Ball State University harp professor Elizabeth Richter is set to retire at the end of the school year after almost 40 years in the School of Music. After all that time, she still loves teaching her students about what she considers a unique instrument.
Junior theatre major Arianna Zielinski found out about the possibility of taking harp lessons one day when she noticed a poster advertising them. She’s been involved in the arts all her life, and learning to play the harp has been on her bucket list.
“Everyone says that college is the time to explore your interests and everything,” Zielinski said. “I went, ‘I’m going to do it. I’m going learn to play the harp.’”
She’s been taking lessons since the start of fall semester under the direction of Richter, who is in the middle of her last year at Ball State.
Richter first discovered the harp in her senior year of high school.
“I became fascinated with it and started taking lessons, and the next thing I knew, that was all I wanted to do,” Richter said. “It completely changed my life.”
She’s been teaching harp in the School of Music since 1982 and she’s taught a variety of students over the years.
“Every semester, someone will get in touch and say, ‘Hey, I’m a public relations major, but I saw your poster and I always wanted to play the harp’ or ‘I never thought about it before, but I think it would be really wonderful to play,’” Richter said. “I’m always very happy to work with those students.”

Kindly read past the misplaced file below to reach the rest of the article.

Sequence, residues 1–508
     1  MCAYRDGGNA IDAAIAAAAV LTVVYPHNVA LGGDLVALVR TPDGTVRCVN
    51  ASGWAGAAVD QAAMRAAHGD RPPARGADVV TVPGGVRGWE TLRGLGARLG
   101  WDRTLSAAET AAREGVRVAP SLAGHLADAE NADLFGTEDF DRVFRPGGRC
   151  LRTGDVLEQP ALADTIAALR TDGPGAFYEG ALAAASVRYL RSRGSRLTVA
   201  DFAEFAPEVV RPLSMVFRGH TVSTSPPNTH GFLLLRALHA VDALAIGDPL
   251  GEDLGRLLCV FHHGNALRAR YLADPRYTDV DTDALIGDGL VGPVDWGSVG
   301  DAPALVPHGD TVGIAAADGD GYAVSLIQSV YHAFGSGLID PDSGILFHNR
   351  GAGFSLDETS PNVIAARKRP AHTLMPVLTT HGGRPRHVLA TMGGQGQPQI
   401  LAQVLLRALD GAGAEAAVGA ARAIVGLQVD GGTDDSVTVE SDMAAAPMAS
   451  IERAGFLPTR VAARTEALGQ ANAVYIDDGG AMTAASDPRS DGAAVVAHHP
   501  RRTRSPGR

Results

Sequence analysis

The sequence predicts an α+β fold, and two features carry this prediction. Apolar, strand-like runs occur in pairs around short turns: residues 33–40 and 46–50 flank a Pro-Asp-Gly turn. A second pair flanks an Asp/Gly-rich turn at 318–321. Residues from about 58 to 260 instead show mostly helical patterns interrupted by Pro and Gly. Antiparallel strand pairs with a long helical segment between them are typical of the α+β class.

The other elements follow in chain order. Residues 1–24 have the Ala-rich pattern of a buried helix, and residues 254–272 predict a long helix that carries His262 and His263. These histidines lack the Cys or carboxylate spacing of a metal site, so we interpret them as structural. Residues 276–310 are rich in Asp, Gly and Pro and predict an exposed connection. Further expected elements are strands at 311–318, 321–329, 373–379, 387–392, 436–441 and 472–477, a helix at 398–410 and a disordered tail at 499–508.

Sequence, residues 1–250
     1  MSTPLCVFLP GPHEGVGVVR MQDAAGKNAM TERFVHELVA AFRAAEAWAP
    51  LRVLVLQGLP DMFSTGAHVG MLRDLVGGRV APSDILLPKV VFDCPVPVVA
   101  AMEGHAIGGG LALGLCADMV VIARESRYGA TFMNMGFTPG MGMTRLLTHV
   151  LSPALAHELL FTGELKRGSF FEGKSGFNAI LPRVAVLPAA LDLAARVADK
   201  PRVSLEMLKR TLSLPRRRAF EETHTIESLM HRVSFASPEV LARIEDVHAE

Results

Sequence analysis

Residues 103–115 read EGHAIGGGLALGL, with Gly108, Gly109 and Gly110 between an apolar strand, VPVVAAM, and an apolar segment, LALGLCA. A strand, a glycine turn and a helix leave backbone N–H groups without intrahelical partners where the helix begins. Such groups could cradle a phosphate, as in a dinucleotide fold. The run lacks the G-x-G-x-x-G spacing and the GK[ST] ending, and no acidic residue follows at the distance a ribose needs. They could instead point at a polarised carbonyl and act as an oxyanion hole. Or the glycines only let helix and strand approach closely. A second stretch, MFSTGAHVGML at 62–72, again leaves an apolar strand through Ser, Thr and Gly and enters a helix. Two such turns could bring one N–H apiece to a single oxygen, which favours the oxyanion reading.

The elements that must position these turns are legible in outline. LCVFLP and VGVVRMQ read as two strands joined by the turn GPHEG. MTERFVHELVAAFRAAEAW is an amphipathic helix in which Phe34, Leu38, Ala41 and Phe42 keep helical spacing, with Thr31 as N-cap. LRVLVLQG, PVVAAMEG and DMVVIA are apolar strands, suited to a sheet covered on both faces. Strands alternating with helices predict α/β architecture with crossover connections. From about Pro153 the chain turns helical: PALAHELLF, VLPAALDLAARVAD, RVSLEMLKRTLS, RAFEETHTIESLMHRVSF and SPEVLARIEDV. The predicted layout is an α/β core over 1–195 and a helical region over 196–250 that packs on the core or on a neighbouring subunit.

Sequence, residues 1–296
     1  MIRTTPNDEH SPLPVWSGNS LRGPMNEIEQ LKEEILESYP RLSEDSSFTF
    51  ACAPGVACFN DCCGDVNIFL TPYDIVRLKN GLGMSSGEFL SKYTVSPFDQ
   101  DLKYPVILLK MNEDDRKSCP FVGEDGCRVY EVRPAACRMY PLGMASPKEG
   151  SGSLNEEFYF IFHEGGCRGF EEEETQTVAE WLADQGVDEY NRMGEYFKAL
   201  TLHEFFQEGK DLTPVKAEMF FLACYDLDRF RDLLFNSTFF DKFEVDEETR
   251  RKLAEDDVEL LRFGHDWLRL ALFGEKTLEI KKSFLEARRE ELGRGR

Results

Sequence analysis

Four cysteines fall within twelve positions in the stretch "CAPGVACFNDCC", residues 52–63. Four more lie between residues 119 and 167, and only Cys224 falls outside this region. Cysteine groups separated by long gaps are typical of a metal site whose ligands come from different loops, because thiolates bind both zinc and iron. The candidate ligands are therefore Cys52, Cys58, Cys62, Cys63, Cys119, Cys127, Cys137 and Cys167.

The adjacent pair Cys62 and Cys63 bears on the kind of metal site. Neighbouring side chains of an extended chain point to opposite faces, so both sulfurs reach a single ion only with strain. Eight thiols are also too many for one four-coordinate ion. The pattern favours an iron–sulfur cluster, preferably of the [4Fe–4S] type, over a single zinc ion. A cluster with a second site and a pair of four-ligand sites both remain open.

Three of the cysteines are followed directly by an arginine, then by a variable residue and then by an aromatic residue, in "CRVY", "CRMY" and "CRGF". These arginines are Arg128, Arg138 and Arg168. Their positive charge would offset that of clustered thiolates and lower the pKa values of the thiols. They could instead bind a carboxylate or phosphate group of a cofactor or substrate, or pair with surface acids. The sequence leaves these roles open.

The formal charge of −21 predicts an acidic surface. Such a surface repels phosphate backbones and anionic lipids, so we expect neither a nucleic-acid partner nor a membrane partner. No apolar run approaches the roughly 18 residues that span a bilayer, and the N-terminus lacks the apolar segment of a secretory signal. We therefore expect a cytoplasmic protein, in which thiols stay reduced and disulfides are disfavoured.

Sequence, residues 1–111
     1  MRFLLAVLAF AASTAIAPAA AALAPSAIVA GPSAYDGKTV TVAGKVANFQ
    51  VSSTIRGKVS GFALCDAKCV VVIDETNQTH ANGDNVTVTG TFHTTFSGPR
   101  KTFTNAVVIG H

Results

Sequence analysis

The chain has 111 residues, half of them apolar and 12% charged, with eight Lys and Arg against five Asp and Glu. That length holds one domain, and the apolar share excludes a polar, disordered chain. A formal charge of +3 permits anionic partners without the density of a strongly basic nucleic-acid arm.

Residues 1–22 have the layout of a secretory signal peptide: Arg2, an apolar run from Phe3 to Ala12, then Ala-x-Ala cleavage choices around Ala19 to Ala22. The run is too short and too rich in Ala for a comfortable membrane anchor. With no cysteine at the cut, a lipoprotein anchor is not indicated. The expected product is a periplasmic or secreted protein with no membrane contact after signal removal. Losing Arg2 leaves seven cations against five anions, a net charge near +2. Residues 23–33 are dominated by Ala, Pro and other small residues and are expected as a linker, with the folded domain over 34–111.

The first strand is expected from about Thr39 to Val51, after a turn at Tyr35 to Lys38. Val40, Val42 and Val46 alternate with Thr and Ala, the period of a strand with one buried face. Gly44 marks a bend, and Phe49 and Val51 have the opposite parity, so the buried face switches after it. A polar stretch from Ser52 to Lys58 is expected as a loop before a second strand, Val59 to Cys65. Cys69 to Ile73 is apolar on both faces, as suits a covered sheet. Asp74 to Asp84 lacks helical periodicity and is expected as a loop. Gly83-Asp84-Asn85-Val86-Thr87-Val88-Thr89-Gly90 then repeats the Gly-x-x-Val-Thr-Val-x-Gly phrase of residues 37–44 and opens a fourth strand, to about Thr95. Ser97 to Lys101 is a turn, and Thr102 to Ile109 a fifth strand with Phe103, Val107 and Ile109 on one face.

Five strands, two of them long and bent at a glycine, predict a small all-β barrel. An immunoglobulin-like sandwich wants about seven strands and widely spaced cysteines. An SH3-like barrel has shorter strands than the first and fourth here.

The harp attracts interest from many adults, she said.
“Adults listen to it and they say, ‘Oh, I wish I could play that,’ and my response is, ‘It’s never too late to start harp lessons,’” Richter said.
Richter teaches at the Midwest Harp Festival every summer, and she says people in their 60s and 70s have come to the festival to learn about the harp.
“I love that festival because it is open to everyone from kids up to adult beginners,” Richter said. “There’s no age limit.”
There are a number of unique qualities to the harp, according to Richter.
“There’s something about holding the harp on your shoulder and the vibrations that you release when you pluck the strings that is very pleasing to your ear,” said Richter, who has performed with orchestras such as Indianapolis Symphony Orchestra and the Kansas City Philharmonic.
The harp does come with its fair share of challenges, such as its size and a need to tune it almost every day. Even so, those inconveniences don’t deter students such as Zielinski, Richter said.
“Most people just love it so much that they find a way to make it work,” Richter said.
Zielinski says being interested in the instrument has made a significant difference for her.
“This is something I actually want to do, this is something I’ve had a passion for,” Zielinski said. “I’m much more willing to put in the time and effort to practice because I enjoy it a lot more and I’m not being forced to do it.”
Richter says what the arts provide is essential.
“If we don’t continue to explore our creativity and share it with others, then we do lose a little bit of, a lot of our humanity,” Richter said.
As for why she’s retiring, she says it is time for her next adventure.
“I want to learn some new things, and it will be interesting to be the student rather than the teacher,” Richter said.
For now, though, the lessons with students like Zielinski carry on.
Christine Hatfield is a reporter for a Ball State University arts journalism class.